Manual Secrets of John Kennedy (JFK) Assassination No One Ever Told You

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Citing security concerns, Trump held back some of the documents.

Only 24 percent thought Oswald had acted alone. Another poll taken in Dallas during the same week found 66 percent of respondents believing that there had been a plot. There were no JFK conspiracy theories in print at that time. Oliver Stone was in high school. Since , five tenured academic historians have published books on JFK's assassination. Four of the five concluded that a conspiracy was behind the 35th president's murder. Kennedy , concluded that Kennedy was killed in plot involving disgruntled CIA operatives and organized crime figures. In his book about photographic evidence, The Zapruder Film: Reframing JFK's Assassination , David Wrone of the University of Wisconsin-Stevens Point argued that the famous amateur film footage of the assassination proves that Kennedy was hit by gunfire from two different directions.

Wrone did not advocate a theory of who was responsible. Kennedy, No one high-up in the U.

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In fact, many senior U. Kennedy's successor, Lyndon Johnson, publicly endorsed the Warren Commissions conclusion that Oswald acted alone. The president's brother Robert and widow Jacqueline also believed that he had been killed by political enemies, according to historians Aleksandr Fursenko and Tim Naftali. Walton carried a message from RFK and Jackie for their friend, Georgi Bolshakov, a Russian diplomat who had served as a back-channel link between the White House and the Kremlin during the October crisis: RFK and Jackie wanted the Soviet leadership to know that "despite Oswald's connections to the communist world, the Kennedys believed that the president was felled by domestic opponents.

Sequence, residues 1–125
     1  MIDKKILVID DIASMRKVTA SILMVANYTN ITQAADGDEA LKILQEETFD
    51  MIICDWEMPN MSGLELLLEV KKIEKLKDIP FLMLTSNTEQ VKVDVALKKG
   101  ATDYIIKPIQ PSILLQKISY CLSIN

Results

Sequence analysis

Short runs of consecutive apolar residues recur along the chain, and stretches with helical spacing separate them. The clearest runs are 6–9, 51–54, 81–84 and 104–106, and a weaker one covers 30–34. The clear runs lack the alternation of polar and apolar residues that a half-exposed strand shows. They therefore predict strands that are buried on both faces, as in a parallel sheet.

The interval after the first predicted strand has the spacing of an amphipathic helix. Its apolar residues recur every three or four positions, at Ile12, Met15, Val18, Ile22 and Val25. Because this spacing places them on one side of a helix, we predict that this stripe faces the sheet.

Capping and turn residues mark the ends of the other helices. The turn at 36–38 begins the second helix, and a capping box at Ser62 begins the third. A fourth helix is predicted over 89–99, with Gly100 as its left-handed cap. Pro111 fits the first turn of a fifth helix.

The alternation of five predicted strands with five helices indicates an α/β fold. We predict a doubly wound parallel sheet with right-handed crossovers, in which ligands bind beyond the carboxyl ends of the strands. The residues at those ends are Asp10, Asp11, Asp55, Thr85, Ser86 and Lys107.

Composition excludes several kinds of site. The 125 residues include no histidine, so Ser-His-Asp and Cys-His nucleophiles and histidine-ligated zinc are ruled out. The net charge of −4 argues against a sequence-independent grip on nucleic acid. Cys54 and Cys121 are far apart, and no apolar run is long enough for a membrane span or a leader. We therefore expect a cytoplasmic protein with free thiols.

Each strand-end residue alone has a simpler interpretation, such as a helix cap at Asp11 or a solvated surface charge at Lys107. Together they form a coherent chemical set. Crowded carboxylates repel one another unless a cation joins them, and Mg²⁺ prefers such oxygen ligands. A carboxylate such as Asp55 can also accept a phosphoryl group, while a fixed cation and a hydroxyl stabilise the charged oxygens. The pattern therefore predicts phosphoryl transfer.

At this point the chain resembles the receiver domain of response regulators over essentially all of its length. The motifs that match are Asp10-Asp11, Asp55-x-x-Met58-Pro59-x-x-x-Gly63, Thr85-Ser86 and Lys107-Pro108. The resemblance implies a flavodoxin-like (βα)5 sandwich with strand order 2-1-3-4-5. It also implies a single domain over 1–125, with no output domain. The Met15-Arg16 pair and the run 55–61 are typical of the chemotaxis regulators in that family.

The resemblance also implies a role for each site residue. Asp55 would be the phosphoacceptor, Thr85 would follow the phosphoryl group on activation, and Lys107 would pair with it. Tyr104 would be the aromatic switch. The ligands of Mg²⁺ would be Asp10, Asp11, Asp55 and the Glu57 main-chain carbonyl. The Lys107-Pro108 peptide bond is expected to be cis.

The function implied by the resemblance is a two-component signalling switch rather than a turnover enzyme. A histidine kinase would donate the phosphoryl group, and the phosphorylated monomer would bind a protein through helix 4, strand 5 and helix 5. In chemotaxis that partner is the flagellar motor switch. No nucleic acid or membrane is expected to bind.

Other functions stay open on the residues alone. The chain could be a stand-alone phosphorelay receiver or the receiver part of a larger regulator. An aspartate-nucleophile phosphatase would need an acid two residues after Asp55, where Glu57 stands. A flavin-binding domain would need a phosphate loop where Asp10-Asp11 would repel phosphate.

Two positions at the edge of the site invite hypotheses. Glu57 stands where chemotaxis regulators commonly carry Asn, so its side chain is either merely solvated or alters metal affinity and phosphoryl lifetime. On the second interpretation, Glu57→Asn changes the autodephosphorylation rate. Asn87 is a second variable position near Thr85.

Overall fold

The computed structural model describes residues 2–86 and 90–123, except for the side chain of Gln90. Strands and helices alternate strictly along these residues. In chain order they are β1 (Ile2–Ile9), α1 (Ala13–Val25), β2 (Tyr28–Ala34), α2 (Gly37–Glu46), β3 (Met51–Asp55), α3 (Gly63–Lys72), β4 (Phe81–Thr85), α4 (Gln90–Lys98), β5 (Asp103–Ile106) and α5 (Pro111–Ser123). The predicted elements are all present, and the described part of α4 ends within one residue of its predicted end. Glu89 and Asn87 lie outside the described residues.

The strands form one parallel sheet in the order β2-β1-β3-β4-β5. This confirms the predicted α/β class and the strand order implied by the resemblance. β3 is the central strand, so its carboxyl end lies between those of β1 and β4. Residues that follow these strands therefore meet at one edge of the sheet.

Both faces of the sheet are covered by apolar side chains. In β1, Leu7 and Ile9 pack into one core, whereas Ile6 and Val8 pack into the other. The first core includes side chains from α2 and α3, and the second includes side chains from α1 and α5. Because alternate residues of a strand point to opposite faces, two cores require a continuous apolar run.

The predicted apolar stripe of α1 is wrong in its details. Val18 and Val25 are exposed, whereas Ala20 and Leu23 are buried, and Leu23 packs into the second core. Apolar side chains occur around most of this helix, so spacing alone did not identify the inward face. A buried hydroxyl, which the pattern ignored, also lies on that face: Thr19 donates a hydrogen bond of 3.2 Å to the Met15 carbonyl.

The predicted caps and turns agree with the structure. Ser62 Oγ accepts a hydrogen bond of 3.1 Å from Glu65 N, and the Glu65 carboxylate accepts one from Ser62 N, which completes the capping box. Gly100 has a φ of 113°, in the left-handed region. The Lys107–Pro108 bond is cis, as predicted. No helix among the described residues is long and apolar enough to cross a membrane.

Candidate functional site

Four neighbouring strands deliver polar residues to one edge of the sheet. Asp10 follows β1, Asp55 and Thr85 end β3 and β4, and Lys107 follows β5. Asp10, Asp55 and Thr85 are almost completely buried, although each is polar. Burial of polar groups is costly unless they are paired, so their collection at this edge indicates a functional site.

In the executive branch, Joseph Califano, the General Counsel of Army in and later Secretary of Health Education and Welfare, concluded that Kennedy had been killed by a conspiracy.


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Nixon wasn't interested. Suspicion persisted in the upper echelons of the U. Fletcher Prouty , chief of Pentagon special operations in and later an adviser to Stone , believed that there had been a plot. Hill, Ready, and Bennett, by their own statements to the Warren Commission, had stayed until close to three A. Ready died in At press time, vanityFair.

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By way of contrast, the fourth car in the motorcade that day, containing Vice President Johnson and his wife, was guarded by other agents, including Rufus Youngblood. Youngblood had not joined the others at the Press Club and the Cellar the previous evening.

And at the sound of the first shot, Youngblood, in line with his Secret Service training, pushed Johnson to the floor of the car and covered him with his own body. A week after the events in Dallas, President Lyndon Johnson ordered the first official investigation of the assassination. Its chairman: Earl Warren, the chief justice of the Supreme Court, who had had a distinguished career as the governor of California.